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Consulate to match worried Mexicans with lawyers

Inquiries up since President Trump
Posted at 7:42 PM, Mar 03, 2017
and last updated 2017-03-03 21:42:13-05
TUCSON (KGUN9-TV) - The Mexican Government is setting up a network of lawyers to help Mexicans fight deportation from the U.S.
Mexican Consulates, like the one in Tucson--  will help Mexicans connect with immigration lawyers.  
In some cases the Mexican Government will help pay the legal bills.
If you want to see how the Mexican Government is responding to the new immigration push by the United States Government just take a look at what's going on in the Mexican Consulates.
The consulate's main mission is to help any Mexican citizen who needs help in the U.S. 
Mexico's consulate for Tucson hosts a help center that takes calls from Mexicans living all over the U.S.
Consul Ricardo Pineda says about 70 percent of the calls are for routine services but 30 percent are from Mexicans worried about immigration issues.
He says before the U.S. election, nationwide call volume was about seven hundred per day now it may be roughly twice that--13 to 15 hundred a day.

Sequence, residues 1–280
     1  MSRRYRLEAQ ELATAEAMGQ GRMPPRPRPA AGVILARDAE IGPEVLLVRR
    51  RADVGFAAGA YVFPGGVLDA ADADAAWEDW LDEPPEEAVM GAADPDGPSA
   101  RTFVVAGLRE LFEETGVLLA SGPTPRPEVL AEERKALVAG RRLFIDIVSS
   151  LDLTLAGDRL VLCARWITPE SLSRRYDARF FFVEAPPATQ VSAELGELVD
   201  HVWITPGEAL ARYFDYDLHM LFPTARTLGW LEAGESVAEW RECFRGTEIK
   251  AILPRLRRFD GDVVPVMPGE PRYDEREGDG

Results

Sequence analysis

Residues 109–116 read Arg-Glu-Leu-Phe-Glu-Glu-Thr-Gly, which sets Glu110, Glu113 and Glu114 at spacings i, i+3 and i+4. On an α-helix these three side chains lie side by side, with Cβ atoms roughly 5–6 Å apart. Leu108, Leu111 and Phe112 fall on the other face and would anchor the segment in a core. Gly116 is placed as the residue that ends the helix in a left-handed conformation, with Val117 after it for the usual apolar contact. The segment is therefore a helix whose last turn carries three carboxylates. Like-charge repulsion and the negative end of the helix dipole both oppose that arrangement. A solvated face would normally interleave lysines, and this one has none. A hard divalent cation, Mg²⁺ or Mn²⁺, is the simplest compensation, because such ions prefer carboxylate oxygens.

Friday Mexican Consulates announced a network of lawyers ready to help with immigration issues across the U.S.
Consul Pineda says sometimes consulates will cover the legal fees.
"We are more than happy to analyze every case on a case by case basis.” 
KGUN9 reporter Craig Smith: “So based on need?” 
Pineda: “Yes."
Immigration restrictions and plans to build more border barriers are a special issue for local tribes like the Pascua Yaqui.
They have communities in the the U.S. and Mexico. As sovereign nations they reserve the right to move easily between them.
Pascua Yaqui Tribal Chairman Robert Valencia says, “We have to survive as one nation.  It's not a nation here and a nation in Mexico so... “
Craig Smith asked: “Are you concerned tribal members are going to have difficulty moving freely back and forth?”  
Robert Valencia: “I'm very concerned over that because it's really important for us.”
And the Pascua Yaqui chairman says the tribe has about 20 thousand members in the U.S. But about 40 thousand in Mexico with a  U.S. Mexico border between them, much newer than the tribe's ancient presence in these lands.
The Department of Homeland Security's estimates sketch an interesting picture of where Arizona fits in the immigration issue. They show show Arizona is barely in the top ten for unauthorized immigrants.
Of 11.4 million unauthorized immigrants estimated to be in the U.S. as of 2012 (the most recent DHS estimate), California is tops with 2.8 million, followed by Texas, Florida, New York and Illinois.
Arizona ranks 9th with an estimated 350 thousand.
People who enter on a legal visa but stay after it expires are an important part of the immigration issue.  Latest DHS stats show Canadians top that category. Twice as many Canadians overstay Visas as Mexicans do, almost a hundred thousand Canadians compared to just over 45 thousand Mexicans.